The 3 V’s—Volume, Variety & Velocity—commonly associated with big data don’t necessarily have equal impact on the banking and securities industry. Investment banks have been dealing with high velocity for a long time, but volume is a relatively new factor and emerging as the strongest driver for banks to look at big data and Apache™ Hadoop®.
Banks are looking for solutions to workloads that can’t be easily handled by existing technologies or are too expensive. The global recession in 2007 resulted in sweeping changes for the entire banking industry, with banks having to comply with more stringent capital requirements. Risk regulation is an important topic in the Basel III norms to ensure that appropriate exposure is maintained across asset classes and counterparties.
Given this backdrop, it should not come as a surprise that almost 50% of projects in banks are driven by regulatory or legal requirements. Improving agility through faster response times for analytics, overcoming rigid data integration processes, and automation of processes such as SOX compliance account for approximately 25% of projects. IT cost saving projects round out the final 25% of initiatives at banks as they continue to seek ways to not only boost efficiency but also to conserve capital, given the new stringent capital requirements.
The industry-leading MapR Distribution including Hadoop is ideally suited for a wide variety of use cases in the banking and securities industry, some of which are detailed below.
Increased regulations have put enormous pressure on banks to demonstrate risk analysis to auditors. Inability to show risk analytics can result in banks facing regulatory fines. Central to this is the ability to calculate client and counterparty risk more precisely with credit value adjustments. Intense computational power and lots of storage is required to perform these calculations. The data also lives in numerous places and is owned by separate trading desks. A leading bank is using the MapR Distribution to bring together this disparate data and provide the requisite power and storage to achieve the following benefits:
Regulations such as Dodd-Frank and the Volcker Rule have resulted in banks having to capture all relevant data in a central repository and perform analytics to understand exposure and perform stress tests. Failure to meet these requirements can result in steep fines for banks.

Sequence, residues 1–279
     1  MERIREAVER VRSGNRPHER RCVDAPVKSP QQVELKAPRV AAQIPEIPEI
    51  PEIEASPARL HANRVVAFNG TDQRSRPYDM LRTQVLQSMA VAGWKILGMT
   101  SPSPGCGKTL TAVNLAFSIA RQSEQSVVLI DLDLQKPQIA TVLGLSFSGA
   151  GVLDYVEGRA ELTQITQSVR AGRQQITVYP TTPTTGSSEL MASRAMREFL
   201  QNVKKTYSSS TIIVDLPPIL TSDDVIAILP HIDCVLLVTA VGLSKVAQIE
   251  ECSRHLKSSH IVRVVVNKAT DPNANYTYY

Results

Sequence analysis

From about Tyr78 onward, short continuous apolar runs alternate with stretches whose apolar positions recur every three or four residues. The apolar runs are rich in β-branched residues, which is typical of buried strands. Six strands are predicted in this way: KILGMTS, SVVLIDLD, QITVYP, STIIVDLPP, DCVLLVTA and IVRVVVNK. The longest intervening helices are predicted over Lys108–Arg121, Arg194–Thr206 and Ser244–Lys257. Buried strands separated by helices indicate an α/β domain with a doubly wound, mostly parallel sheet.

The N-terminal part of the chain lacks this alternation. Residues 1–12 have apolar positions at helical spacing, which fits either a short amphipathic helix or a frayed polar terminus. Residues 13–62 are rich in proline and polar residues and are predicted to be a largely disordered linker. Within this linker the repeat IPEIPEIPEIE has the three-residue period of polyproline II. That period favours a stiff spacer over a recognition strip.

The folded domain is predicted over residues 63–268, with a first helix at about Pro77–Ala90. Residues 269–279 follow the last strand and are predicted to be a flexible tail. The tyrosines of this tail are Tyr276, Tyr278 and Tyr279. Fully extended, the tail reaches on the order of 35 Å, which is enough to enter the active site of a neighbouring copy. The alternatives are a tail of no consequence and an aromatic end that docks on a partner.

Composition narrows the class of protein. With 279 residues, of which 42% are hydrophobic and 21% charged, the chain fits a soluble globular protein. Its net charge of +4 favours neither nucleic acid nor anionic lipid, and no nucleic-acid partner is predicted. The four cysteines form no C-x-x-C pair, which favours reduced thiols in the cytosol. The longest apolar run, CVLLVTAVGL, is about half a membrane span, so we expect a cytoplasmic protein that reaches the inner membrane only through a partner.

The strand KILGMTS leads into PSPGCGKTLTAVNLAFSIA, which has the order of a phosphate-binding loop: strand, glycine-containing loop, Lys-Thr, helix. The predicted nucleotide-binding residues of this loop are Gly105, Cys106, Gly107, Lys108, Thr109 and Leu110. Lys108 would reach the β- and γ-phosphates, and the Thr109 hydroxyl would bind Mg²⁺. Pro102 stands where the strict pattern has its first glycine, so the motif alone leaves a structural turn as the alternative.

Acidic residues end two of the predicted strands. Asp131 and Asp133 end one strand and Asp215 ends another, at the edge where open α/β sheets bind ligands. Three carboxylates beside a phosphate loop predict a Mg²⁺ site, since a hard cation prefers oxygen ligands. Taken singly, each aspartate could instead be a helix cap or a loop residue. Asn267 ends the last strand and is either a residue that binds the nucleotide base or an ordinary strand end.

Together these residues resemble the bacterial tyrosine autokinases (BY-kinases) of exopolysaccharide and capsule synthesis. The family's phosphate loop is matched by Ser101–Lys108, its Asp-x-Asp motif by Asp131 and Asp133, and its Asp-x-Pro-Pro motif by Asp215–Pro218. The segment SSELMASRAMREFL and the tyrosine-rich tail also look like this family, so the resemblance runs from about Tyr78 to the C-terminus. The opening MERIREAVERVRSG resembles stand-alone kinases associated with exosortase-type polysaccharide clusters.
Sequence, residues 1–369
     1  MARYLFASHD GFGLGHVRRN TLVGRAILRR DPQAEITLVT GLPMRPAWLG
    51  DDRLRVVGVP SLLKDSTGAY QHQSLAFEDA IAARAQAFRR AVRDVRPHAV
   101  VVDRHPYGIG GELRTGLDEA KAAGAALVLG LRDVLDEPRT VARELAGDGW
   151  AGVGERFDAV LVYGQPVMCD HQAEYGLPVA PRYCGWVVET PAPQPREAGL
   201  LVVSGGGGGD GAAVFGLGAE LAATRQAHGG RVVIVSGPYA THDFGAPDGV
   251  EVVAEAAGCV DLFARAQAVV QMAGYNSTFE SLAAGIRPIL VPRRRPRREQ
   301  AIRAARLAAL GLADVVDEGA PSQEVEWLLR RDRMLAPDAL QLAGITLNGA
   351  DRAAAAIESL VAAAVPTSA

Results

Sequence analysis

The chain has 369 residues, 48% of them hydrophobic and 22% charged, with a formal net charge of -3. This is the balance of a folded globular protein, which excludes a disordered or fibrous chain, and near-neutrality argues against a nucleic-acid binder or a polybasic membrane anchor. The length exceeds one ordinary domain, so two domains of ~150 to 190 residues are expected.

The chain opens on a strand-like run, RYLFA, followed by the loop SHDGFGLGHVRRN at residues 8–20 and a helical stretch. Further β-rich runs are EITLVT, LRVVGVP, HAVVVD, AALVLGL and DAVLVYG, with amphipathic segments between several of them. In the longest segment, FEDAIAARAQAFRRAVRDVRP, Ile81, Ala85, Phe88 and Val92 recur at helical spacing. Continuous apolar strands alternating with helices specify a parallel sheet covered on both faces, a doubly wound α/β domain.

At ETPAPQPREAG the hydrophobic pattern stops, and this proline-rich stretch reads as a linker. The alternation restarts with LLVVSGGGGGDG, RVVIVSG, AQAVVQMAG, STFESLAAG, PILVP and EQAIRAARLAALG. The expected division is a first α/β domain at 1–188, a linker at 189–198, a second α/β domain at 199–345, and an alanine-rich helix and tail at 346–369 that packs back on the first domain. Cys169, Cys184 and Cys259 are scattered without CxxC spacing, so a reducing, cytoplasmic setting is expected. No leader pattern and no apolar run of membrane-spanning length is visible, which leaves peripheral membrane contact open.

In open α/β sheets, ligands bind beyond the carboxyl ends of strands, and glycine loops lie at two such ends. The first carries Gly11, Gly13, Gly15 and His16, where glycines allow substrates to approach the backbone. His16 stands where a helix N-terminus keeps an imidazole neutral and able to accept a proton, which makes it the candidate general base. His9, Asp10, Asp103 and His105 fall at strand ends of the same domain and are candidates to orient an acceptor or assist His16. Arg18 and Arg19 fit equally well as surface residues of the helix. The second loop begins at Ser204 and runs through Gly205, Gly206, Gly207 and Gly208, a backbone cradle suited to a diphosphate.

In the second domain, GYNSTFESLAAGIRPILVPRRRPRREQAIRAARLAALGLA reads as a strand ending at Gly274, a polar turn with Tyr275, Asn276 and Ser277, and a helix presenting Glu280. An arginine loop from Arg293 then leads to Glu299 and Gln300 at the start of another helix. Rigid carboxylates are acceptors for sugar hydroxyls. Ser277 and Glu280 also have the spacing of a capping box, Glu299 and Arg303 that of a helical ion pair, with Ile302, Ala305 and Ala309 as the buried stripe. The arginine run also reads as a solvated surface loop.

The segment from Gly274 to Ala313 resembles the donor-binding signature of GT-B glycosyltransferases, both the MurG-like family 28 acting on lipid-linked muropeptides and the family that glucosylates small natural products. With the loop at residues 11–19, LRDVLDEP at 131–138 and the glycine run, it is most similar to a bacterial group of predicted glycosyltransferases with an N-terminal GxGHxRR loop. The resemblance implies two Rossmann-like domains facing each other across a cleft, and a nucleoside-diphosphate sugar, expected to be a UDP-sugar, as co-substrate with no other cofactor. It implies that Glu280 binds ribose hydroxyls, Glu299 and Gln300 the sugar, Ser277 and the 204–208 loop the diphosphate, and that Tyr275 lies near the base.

The MapR Distribution allows banks to meet their regulatory compliance objectives and achieve the following benefits:
Incidents like the London Whale trading one in 2012, which resulted in a $6.2 billion loss for a large global bank, have heightened the need for stronger realtime monitoring of trades in order to prevent rogue trading. Banks need to stay ahead of patterns such as front-running and market manipulation. Doing so requires running extensive and expensive simulations to find new patterns of rogue activities and in real time. By using the MapR Distribution, a major regional bank is able to realize the following benefits:
Marketing organizations in banks are inundated with the increasing variety of data as a result of the explosion of channels such as the web, social media and mobile. They have to understand not only individual consumer behavior but also institutional behavior for their larger customers in order to offer more tailored products and services. Using MapR, a major bank is able to analyze institutional client behavior and realize the following benefits:
MapR delivers on the promise of Hadoop with a proven, enterprise-grade platform that supports a broad set of mission-critical and real-time production uses. MapR brings unprecedented dependability, ease-of-use and world-record speed to Hadoop, NoSQL, database and streaming applications in one unified big data platform. MapR is used by more than 500 customers across financial services, retail, media, healthcare, manufacturing, telecommunications and government organizations as well as by leading Fortune 100 and Web 2.0 companies. Investors include Lightspeed Venture Partners, Mayfield Fund, NEA, and Redpoint Ventures.